Whether you’re happy, sad, pumped up or frazzled, there’s a perfect workout for your frame of mind
Let’s face it, leaping about to loud music first thing in the morning is the last thing you want to do after waking up tired. And when you’re bright eyed and raring to go, doing a tree pose to an ‘om’ chant can be, strangely enough, a little frustrating. When it comes to exercise, the trick is to recognise your mood and choose your workout accordingly.
“It’s essential that you do exercise you want to do,” says Dr Mark Anshel, from the US Association for Applied Sport Psychology. “If you don’t, the result is poor performance, negative feelings about working out and, eventually, quitting doing any exercise at all.”
So, read on to find out how to maximise your workout, whatever mood you’re in…
You have 167 unanswered emails, your heel snapped off your shoe and you have a big presentation in the afternoon. Argh! If you’re having the day from hell, the thought of exercising can really add to your stress. Dr Jennifer Hurst, a professor in exercise science, suggests that if you’re feeling time pressure, engage in smaller bouts of exercise. “Just five minutes of walking can provide a fresh focus,” she says. “Do this a few times throughout the day.”
Match it: If you have time for a full workout, WF yoga expert Charlotte Dodson says that while the yoga has been long hailed for its stress-relieving benefits, there are specific poses allocated to different stress types. “If you’re feeling closed off from others, then a backbend pose, which opens up your entire body, will help you feel and be more approachable. Anxious? Try doing a handstand: it’s a difficult move that’ll help give you confidence and strength to confront difficult or worrying times.”
It’s simply one of those great mornings – you’re up early, alert without needing a coffee injection, and you made the bus with plenty of time to spare (even scoring a seat – yay!). The pep in your step is the perfect time to take advantage of high-energy exercise, so let’s get physical.
Match it: It’s time to sweat it out with a cardio workout. “Roll with the bouncy punches and jump into a high-energy aerobics class, such as BodyAttack,” suggests WF PT Libby Babet. If classes aren’t your thing, go for an early morning run and crank up your ‘move it’ playlist. “You can also go the other way and re-centre your mood with a Pilates mat class to focus your energy.”
When you’re blue, the last thing you want to do is strap on a sports bra. But fight the lure of laziness and your body will produce feel-good endorphins that’ll soon turn your frown upside down. Research has found that regular exercise can reduce depression by up to 47 per cent over 12 weeks.
Hurst advises that an aerobic workout will be more effective than weights and resistance training. “Lifting and resistance activities raise your blood pressure, which can compound anxiety,” she says. Going for a jog can also boost spirits, as the steady rhythm and time to think can really put life’s pressures into positive perspective.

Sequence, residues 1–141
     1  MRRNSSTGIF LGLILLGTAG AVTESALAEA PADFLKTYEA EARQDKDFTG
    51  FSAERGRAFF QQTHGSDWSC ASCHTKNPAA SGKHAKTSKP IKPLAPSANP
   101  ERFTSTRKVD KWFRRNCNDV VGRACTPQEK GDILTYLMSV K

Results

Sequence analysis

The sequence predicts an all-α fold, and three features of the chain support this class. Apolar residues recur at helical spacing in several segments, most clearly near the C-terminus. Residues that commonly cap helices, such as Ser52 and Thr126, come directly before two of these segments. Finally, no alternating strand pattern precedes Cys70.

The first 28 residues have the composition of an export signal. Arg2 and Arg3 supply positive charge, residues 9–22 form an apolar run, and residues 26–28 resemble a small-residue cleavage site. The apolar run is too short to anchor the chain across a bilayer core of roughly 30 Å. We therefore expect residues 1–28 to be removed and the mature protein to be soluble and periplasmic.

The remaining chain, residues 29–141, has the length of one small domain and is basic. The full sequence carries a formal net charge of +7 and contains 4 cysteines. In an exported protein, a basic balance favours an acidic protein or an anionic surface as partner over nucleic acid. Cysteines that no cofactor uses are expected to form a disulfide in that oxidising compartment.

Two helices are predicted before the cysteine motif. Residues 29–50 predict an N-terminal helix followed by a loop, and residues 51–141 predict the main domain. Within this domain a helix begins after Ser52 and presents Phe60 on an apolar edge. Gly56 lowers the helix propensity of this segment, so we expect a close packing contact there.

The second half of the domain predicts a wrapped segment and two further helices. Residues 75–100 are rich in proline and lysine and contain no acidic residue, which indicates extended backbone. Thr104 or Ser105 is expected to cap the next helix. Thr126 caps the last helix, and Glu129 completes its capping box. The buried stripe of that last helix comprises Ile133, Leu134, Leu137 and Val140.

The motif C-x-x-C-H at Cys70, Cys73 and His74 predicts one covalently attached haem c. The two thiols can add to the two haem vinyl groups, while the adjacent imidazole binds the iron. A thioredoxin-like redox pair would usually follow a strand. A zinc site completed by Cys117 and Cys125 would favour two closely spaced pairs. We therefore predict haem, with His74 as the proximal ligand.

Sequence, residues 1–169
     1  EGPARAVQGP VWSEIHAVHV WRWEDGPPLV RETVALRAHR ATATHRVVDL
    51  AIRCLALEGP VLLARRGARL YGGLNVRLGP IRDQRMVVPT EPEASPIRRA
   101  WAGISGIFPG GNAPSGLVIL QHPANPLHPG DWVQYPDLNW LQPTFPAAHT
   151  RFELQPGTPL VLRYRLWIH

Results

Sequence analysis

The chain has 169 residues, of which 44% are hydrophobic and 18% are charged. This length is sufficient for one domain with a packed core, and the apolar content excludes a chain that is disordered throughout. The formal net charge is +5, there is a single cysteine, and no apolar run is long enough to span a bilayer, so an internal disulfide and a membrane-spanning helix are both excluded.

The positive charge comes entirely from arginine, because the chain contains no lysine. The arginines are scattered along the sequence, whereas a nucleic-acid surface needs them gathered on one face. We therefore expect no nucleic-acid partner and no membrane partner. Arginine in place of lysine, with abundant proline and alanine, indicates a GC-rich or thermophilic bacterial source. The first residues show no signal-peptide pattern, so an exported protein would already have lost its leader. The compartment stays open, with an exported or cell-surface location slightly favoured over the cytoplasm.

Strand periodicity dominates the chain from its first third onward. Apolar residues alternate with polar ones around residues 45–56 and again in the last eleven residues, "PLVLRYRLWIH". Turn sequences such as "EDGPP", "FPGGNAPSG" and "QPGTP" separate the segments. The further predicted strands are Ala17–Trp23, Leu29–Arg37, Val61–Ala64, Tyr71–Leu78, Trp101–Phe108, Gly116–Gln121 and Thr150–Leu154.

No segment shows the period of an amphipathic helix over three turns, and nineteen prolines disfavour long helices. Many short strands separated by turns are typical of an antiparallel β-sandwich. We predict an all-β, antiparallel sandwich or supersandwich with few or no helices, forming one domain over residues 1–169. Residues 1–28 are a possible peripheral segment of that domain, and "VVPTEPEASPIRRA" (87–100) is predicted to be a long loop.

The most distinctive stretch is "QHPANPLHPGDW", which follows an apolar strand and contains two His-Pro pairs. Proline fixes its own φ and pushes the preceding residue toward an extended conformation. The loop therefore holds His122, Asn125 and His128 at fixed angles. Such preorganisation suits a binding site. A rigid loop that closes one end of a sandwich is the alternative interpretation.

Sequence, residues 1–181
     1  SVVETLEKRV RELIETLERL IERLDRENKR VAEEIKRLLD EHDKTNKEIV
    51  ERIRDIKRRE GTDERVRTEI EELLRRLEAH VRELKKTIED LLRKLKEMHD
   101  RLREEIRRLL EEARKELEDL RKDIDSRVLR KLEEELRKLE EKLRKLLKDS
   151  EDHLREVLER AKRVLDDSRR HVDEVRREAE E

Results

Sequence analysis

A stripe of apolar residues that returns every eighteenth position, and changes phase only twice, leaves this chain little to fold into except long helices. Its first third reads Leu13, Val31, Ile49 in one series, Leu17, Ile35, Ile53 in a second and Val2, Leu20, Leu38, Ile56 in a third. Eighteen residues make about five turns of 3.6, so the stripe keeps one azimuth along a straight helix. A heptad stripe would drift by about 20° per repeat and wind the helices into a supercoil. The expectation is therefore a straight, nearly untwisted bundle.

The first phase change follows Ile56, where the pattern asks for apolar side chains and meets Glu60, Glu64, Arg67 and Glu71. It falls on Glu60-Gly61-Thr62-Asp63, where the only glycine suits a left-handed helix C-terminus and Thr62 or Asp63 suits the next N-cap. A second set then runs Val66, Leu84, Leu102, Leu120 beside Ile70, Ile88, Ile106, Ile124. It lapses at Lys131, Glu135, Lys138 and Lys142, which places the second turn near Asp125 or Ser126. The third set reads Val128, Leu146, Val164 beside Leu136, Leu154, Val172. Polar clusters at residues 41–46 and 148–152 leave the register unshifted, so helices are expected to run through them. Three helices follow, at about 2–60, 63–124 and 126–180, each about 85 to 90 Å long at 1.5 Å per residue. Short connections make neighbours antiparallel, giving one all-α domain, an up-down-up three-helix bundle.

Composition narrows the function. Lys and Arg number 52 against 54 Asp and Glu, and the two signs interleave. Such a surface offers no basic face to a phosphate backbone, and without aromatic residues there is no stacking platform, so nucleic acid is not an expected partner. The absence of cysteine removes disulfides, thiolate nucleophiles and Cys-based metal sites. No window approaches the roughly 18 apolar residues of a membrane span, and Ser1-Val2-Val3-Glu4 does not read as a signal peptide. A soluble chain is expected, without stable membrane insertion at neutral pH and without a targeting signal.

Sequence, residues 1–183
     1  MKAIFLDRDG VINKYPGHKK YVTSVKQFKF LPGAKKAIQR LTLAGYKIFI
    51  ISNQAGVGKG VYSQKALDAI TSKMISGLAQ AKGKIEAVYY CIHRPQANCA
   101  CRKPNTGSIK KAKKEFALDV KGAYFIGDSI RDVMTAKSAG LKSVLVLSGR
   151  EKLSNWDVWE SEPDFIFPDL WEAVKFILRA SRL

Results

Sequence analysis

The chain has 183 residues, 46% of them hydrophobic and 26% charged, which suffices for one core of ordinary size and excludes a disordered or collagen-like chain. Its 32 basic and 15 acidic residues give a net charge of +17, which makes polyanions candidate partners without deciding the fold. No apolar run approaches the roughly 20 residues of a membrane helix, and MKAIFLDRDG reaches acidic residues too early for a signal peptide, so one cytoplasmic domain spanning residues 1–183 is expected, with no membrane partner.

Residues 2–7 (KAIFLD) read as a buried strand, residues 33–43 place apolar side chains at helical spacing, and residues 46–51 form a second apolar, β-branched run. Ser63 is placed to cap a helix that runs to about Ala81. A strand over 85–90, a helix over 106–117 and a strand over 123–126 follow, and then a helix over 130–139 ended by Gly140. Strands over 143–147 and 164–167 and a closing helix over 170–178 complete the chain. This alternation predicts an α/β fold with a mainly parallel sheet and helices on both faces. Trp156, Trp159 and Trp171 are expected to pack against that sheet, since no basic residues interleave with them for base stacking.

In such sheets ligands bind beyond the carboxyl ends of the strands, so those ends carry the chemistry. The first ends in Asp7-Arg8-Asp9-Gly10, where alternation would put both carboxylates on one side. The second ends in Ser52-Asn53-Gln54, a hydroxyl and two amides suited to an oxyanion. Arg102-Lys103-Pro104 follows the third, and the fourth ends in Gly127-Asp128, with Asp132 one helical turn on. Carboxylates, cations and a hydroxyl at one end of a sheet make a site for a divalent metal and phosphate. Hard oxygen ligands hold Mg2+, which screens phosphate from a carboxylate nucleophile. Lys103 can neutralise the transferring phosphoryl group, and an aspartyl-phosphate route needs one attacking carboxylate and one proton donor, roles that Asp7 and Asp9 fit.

From the bad driver who nearly side-swiped you in their car this morning, to finding out someone’s taken your food from the office fridge, sometimes getting angry is inevitable. But, if you use it to your benefit, the adrenalin can give you one helluva workout.
Match it: Try hitting something – safely, of course! “Ever tried MMAXFIT? Now might be the time to give it a shot,” says Libby. “Think a combo of boxing, kickboxing, ground attacks and plyometric training, all set to loud music to get you moving.” If that’s a bit too intense, take a boxercise or kickboxing class and beat the you-know-what out of a punching bag. You’ll relieve pent-up rage and release endorphins, which will make you feel happier.
Birds are chirping, the sun is shining and you’ve just been promoted. Your arm might be tired from high-fiving yourself, but what to do with the rest of your body?
Match it: When you’re feeling chipper, it’s a good time to do something fun and sociable, such as Zumba – which involves both dance and aerobic elements. “There’s nothing like a good cardio workout to really pump up the endorphins and get you gliding – even better if you do it in the great outdoors! Take the time to really soak up your surrounds,” says Libby.
Thirty minutes on the treadmill, followed by 20 reps with the dumbbells… yawn. If your tried-and-tested routine is getting tired, you’ll lose motivation, so shake things up and try something original. Sports psychologist Bill Cole says the biggest mistake people make is to be overly rigid with their sessions, thinking that discipline and uniformity give the best results. “The smartest athletes train by using variety so that boredom can’t creep in,” he says.
Match it: Try dancing your way to a fun workout. “Pick something you haven’t tried before, such as hip-hop or samba,” says Libby. If rhythm is not your friend, she suggests functional fitness, which will have you learning new moves to challenge your coordination and beat the boredom.
source: womens fitness